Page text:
The fears of an Indiginous community in Guatemala have been realized when it was reported that 12 Mexican state police have been charged in the arson and massacre of 19 migrants. Just a week ago, the Mexican Catholic Church spokesman, Bishop Jose Torres, “in the name of the highest values of humanity” asked for a “exhaustive” investigation into the murders.
The bodies of the Guatemalan migrants were found in a scorched pickup truck in Camargo, in an area that has been a battleground between the Gulf cartel and the old Zetas cartel for years.
Some of the relatives of the migrants in Guatemala spoke of receiving calls from the smuggler who took the group north, telling them their family members were dead. Relatives said they lost contact with them around Jan. 21.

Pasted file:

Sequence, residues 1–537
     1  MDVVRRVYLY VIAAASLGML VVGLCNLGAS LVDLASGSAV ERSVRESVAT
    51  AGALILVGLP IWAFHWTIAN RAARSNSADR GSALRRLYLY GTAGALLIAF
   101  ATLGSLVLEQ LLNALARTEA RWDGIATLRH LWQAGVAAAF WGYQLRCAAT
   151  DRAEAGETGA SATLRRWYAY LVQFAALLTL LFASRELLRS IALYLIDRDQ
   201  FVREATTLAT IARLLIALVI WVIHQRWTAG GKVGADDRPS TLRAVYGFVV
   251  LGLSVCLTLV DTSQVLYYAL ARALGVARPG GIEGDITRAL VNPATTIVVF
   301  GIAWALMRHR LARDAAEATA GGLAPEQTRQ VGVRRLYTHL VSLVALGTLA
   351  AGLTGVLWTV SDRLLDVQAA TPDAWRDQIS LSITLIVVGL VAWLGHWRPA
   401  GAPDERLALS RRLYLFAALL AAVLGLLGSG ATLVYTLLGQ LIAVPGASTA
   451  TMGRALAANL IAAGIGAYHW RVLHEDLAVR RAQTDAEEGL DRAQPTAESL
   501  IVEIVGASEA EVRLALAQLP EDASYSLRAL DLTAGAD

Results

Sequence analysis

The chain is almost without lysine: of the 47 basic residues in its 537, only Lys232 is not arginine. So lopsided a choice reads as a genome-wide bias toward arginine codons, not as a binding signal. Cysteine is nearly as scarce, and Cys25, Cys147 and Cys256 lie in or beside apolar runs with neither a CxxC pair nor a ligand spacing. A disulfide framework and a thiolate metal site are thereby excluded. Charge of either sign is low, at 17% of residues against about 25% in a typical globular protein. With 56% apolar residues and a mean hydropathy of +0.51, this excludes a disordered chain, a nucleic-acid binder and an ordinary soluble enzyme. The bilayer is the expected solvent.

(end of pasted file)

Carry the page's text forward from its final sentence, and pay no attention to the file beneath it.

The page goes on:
The massacre brought up memories of the 2010 discovery of 72 bodies, all migrants, near San Fernando. The Central American migrants were targeted by Zetas cartel members who stopped two tractor-trailers carrying dozens of mostly Central American migrants and took them to a ranch in the Tamaulipas town of San Fernando. After the migrants refused to work for the cartel, they were blindfolded, tied up on the floor and shot dead.
The massacre at Tamaulipas has shocked Mexico due to the fact that the murders were carried out by local law enforcement. Though the AG isn’t ruling out cartel influence.
The massacre is the latest chapter in Tamaulipas’ history of police corruption. According to NBC News, most towns and cities in the state saw their municipal police forces dissolved years ago, because officers were often in the pay of the cartels. A more professional state police force was supposed to be the answer, which was just proven to be a fatal error in judgment of a law enforcement that has been let run amok in corruption for years.
Tamaulipas state Attorney General Irving Barrios Mojica said all 12 officers were in custody and face charges of homicide, abuse of authority and making false statements.